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BEYOND LOCAL: Stay home, call a friend, support local to help fight COVID-19

People are looking for ways to help, but being house-bound can make that difficult
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This article, written by Scott Lear, Simon Fraser University, originally appeared on The Conversation and has been republished here with permission:

When a major earthquake beneath the Indian Ocean on Dec. 26, 2004, resulted in a devastating tsunami, people from all parts of the world contributed to one of the largest relief efforts ever.

It’s part of human nature to want to help. Even before being able to talk, infants can recognize a non-related adult in need and offer help. In adults, areas of the brain associated with stress relief and reward have a greater response to giving than they do when receiving something.

Spending money on others also appears to have a unique role in increasing happiness. Even small acts of kindness such as mowing a neighbour’s lawn or washing a roommate’s dishes can reduce anxiety.

The coronavirus pandemic represents a generational crisis with many people in need. From those who are sick with the virus to people self-quarantining to people suffering through financial difficulties. As a result, people are looking for ways to help. But being house-bound and social distancing makes helping a challenge, so here are seven ways you can help those in need:

1. Stay at home

It might not seem like much, but until a vaccine is available, staying at home is the best defence against the spread of coronavirus. As British Prime Minister Boris Johnson said regarding the United Kingdom’s Mother’s Day, “…the single best present that we can give … is to spare them the risk of catching a very dangerous disease. The sad news is that means staying away.”

2. Call family or a friend

While staying at home is our best defence, it can be socially isolating, especially for those who live alone. But being physically apart doesn’t mean you have to be socially apart. Hearing a familiar voice can relieve stress and anxiety by releasing oxytocin. And with phone apps and online programs, you can get real face time and share a smile, which activates areas in the brain associated with happiness.

3. Support local businesses

The retail areas of our cities have turned into ghost towns. Many businesses are without daily income to pay rent and salaries. Local restaurants and stores may not survive. And with that, their staff will be out of work. However, many places sell products online and offer gift certificates, which can provide an immediate injection of money.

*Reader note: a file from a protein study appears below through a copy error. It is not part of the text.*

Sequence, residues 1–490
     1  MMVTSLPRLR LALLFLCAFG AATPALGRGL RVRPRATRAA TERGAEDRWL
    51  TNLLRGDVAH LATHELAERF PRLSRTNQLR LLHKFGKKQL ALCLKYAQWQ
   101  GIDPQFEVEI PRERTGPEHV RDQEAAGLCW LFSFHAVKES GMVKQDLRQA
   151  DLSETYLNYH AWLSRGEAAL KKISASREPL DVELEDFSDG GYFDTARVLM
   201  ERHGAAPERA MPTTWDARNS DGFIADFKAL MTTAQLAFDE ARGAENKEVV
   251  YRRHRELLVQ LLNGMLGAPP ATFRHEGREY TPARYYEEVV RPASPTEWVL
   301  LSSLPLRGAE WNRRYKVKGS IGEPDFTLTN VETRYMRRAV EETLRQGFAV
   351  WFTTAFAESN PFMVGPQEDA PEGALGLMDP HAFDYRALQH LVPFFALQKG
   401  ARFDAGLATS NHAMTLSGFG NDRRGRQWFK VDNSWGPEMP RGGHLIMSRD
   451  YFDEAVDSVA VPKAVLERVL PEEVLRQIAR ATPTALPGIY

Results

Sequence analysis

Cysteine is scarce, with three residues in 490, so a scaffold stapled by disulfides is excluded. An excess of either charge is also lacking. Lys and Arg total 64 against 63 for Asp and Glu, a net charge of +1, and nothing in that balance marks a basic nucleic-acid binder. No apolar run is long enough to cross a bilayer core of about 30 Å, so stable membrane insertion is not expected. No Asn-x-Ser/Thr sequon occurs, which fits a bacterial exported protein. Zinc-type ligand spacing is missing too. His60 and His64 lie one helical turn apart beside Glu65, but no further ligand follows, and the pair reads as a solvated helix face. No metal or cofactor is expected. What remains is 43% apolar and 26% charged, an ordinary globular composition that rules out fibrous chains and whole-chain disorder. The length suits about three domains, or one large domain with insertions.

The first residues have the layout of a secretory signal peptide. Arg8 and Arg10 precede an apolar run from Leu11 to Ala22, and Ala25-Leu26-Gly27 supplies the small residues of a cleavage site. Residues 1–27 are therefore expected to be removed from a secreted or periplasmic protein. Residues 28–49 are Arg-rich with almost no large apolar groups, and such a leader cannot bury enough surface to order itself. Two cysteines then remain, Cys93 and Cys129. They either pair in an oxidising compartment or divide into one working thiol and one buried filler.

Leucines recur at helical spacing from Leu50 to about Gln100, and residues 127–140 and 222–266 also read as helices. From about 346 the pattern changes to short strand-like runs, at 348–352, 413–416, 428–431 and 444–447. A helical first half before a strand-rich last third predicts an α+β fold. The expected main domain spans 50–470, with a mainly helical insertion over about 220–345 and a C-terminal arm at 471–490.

4. Donate to your local food bank

Even with support for local businesses and government funds being poured into society, a lot of people are struggling financially. Some people will need to turn to their local food bank for emergency food. At the same time, food banks are experiencing a decrease in donations. You can donate money online to food banks, which goes further than non-perishable food donations due to bulk purchases.

5. If you can go out, lend a hand

If you’re not in quarantine or at high risk (over 65 years of age or have a pre-existing medical condition), you can always lend a hand to a neighbour. You may know someone who can’t or shouldn’t go out for daily essentials such as food and hygiene products.

Consider making extra purchases on your next grocery store run and drop off the items at their door. If you don’t personally know anyone in need, but still want to lend a hand, there are websites such as that allow you to post offers of help. There is also Nextdoor, an app that lets people view what help their neighbours need. And if you need help yourself, you can also post your needs there as well.

6. Donate blood

There is a greater need for blood donors right now. Not because treating the coronavirus requires blood transfusions, but because the pandemic has reduced the number of people who are donating.

In addition, the requirements of social distancing have resulted in donor clinics reducing appointments. These clinics have also put in stringent measures to ensure the safety of donors and have stopped accepting walk-ins, so you will need to book an appointment to donate.

7. Give thanks

Saying thank you is probably one of the easiest but most heartfelt things we can do. People in cities around the world have been participating in signs of gratitude to health-care workers such as collectively clapping and making noise at 7 p.m. each night.

There are also many other people still working to keep our communities going, from the grocery store clerk to the letter carrier to those collecting the garbage each week. A simple note of thanks, or a wave out the window can go a long way.

Scott Lear writes the weekly blog Feel Healthy with Dr. Scott Lear.The Conversation

Scott Lear, Professor of Health Sciences, Simon Fraser University

This article is republished from The Conversation under a Creative Commons license. Read the original article.